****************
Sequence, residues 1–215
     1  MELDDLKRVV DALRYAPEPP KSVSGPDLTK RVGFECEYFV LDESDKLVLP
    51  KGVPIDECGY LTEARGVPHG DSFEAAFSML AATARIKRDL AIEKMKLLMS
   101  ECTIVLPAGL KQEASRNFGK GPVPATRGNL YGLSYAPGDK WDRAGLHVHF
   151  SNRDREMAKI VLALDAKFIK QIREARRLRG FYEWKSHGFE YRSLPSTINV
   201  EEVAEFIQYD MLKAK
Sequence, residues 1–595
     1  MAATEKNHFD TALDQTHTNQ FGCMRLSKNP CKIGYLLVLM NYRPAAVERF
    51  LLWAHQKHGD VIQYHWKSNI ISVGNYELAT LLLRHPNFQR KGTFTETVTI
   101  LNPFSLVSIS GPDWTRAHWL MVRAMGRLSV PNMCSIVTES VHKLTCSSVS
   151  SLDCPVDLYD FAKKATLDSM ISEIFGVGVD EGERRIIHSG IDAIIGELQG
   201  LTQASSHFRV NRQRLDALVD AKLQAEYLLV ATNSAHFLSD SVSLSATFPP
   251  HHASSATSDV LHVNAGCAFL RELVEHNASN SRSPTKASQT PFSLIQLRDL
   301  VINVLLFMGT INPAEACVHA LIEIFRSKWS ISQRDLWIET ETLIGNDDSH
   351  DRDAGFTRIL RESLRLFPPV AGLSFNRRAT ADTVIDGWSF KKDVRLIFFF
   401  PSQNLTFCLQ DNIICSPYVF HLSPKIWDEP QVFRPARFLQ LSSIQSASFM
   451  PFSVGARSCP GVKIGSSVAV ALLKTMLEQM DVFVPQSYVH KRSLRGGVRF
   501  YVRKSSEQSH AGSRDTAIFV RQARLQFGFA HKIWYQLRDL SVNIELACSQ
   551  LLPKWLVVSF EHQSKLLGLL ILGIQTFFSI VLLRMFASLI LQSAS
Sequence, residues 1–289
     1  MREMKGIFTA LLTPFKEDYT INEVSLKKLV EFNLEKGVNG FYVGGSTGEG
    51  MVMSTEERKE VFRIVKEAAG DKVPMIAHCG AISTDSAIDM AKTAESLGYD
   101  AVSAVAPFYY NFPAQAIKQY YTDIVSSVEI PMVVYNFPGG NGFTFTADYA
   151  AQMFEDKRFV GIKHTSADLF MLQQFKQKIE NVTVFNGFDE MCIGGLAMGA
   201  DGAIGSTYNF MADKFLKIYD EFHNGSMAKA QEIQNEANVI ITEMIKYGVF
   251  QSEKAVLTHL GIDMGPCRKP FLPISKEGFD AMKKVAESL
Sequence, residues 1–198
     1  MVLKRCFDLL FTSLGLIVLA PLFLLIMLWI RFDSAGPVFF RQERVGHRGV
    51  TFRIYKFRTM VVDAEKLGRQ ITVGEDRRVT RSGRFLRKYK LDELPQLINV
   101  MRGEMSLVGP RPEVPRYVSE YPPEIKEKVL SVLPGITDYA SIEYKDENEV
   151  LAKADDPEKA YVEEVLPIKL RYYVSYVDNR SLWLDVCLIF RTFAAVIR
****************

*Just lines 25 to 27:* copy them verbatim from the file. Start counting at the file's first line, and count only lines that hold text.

   201  DGAIGSTYNF MADKFLKIYD EFHNGSMAKA QEIQNEANVI ITEMIKYGVF
   251  QSEKAVLTHL GIDMGPCRKP FLPISKEGFD AMKKVAESL
Sequence, residues 1–198